With the launch of Pie, Android’s new operating system (otherwise known as Android 9), a number of updates have been made to the platform’s accessibility features. Join us as we take a look at what is new since Oreo and refresh ourselves on Android’s existing accessibility features.
In June 2018, Google rebranded their TalkBack product to feature on the Play Store as the Android Accessibility Suite. The change combined the TalkBack screen reader with the previously separate features of Switch Access and Select to Speak. In doing so they created a one-stop app for their accessibility features, that allows Google to provide continuous updates to these features while introducing new functionality without the fear that some users may miss out on something that benefits them.
Currently, the Android Accessibility Suite contains:
- TalkBack – Android’s native screen reader, providing spoken feedback for users to use and navigate their device.
- Switch Access – lets people with motor impairments control their device using one or more switch inputs.
- Select to Speak – a text-to-speech functionality where users can tap specific items on their screen for them to be read aloud.
Pie itself was launched on August 6th 2018 and includes many new accessibility features not previously seen in Oreo:
- Remove Animations – a feature that removes the transition effects when navigating the Android operating system, as well as affecting some animations in other apps too.
- Accessibility Menu – switching this feature on displays an accessibility icon in the bottom navigation bar giving the user quick access to features that control gestures, hardware buttons, navigation and more.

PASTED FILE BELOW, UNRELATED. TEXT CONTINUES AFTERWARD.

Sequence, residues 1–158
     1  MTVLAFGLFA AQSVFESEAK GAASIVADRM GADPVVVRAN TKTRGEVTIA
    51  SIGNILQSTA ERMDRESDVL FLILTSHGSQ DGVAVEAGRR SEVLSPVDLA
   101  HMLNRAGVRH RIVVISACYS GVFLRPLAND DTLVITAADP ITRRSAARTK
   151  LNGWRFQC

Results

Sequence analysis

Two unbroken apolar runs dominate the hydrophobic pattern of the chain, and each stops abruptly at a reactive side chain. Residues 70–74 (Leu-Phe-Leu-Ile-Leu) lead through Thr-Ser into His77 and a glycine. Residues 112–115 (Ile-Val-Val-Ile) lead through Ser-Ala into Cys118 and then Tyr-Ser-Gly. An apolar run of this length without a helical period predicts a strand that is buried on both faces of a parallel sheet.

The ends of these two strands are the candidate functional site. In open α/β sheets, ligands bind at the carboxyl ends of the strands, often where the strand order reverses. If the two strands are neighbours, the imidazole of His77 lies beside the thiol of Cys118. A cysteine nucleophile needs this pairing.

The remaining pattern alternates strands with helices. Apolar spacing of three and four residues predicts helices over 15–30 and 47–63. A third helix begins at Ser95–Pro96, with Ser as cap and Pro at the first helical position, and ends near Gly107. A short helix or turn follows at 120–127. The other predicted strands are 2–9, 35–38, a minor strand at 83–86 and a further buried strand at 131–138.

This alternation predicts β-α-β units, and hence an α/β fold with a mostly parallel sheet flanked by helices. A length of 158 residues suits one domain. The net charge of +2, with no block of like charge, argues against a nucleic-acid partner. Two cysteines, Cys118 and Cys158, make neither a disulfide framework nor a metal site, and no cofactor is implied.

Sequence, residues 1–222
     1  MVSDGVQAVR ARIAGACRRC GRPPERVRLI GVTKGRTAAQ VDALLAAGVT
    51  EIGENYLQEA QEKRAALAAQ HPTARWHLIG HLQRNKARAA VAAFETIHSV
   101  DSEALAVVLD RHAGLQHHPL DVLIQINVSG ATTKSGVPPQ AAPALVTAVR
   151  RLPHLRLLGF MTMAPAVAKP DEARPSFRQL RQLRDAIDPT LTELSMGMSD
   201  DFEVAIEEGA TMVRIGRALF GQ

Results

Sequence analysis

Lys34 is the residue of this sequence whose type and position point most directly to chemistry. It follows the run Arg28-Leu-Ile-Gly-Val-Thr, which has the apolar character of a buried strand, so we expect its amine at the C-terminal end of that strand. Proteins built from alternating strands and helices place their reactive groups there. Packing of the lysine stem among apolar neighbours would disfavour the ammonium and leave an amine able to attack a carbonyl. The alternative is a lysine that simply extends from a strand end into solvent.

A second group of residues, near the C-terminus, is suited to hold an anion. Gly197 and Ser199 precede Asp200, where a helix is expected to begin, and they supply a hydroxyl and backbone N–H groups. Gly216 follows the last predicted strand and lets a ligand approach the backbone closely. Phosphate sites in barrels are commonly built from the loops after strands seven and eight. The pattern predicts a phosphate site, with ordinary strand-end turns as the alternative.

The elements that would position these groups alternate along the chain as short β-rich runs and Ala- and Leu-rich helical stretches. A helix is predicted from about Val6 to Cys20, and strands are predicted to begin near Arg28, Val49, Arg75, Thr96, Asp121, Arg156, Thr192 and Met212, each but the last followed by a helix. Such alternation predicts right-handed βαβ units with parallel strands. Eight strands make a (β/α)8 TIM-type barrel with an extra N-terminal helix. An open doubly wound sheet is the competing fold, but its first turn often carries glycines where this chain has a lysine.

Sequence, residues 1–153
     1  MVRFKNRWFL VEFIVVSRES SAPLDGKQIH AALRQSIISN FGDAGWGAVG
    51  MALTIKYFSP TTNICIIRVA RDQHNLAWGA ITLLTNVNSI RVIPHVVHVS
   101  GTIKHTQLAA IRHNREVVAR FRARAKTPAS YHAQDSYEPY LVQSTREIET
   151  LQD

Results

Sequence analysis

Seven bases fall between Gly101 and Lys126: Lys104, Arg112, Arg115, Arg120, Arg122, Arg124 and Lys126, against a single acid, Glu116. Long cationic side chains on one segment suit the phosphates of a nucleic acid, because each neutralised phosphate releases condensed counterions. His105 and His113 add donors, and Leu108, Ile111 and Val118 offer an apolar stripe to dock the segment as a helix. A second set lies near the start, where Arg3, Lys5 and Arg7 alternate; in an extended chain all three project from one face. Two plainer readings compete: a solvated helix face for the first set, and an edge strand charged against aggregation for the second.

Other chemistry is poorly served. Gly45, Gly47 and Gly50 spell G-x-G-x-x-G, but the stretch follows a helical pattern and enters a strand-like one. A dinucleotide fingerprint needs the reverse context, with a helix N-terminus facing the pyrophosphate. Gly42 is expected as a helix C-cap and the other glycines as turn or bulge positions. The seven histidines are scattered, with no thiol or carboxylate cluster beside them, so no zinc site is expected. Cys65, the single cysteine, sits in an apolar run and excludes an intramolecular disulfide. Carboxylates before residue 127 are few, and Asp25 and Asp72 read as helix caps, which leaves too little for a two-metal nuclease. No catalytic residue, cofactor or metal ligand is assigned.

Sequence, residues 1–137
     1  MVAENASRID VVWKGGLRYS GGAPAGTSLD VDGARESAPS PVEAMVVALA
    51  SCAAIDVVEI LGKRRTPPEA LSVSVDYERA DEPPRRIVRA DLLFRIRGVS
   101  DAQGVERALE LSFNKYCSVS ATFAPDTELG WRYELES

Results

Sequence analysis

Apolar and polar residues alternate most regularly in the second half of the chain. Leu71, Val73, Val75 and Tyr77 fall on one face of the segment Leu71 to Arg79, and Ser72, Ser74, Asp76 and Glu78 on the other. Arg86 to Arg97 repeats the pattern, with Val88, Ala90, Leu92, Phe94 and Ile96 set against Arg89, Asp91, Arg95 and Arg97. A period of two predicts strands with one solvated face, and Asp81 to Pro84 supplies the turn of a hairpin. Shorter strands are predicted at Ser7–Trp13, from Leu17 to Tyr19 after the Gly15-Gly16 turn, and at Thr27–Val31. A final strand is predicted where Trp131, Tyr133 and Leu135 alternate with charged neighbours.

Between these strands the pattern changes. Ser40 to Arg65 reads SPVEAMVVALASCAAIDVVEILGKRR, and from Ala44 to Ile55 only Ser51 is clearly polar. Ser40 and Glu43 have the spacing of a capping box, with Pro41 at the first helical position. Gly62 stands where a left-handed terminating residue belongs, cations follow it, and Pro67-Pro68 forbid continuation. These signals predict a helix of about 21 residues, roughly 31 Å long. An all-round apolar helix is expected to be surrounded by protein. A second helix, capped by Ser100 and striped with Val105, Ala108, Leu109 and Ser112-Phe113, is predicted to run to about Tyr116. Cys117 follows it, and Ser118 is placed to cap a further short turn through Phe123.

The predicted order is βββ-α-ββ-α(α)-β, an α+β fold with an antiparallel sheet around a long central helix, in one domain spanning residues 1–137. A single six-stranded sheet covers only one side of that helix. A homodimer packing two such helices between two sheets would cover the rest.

- Vibration – this feature allows users to have individual control over whether the device vibrates for ‘Touch’ and ‘Ring & notification’. In the future, we are expecting this to be expanded with a greater level of variance for vibration length and strength.
Lastly, the ‘Click after pointer stops moving’ option has been renamed to the much more succinct ‘Dwell timing’ and has added an additional information panel about the function.
These additions complement some of the existing accessibility features of the Android operating system including:
- Volume key shortcut – allows a user to set an accessibility feature to be enabled and disabled when both volume buttons are pressed simultaneously.
- Display size – scales displayed items as smaller or larger.
- Magnification – allows full screen magnification by triple-tap or button input.
- Color correction – corrects colours for users with deuteranomaly, protanomaly and tritanomaly.
- Color inversion – inverts colours across the operating system.
- Large mouse pointer – increases the size of pointer if a mouse is being used.
- Power button ends call – ends call on power button interaction, prevents user from having to find icon on screen.
- Auto-rotate screen – forces device viewport to remain fixed to either landscape or portrait view.
- Touch & hold delay – allows the user to control the amount of time they are required to touch the screen to activate a feature.
- Mono audio – combines stereo channels to allow no information to be missed when playing audio.
- Captions – enabling this feature allows captions to be displayed, if available, while videos play.
- High contrast text – an experimental feature that increases text contrast against the background across the operating system.
If you’d like to speak to William about accessibility on Android or any other platform, please contact him at email@example.com or on 01323 433700. Please see our Accessibility Testing page to find out more about how we can help you build accessible applications.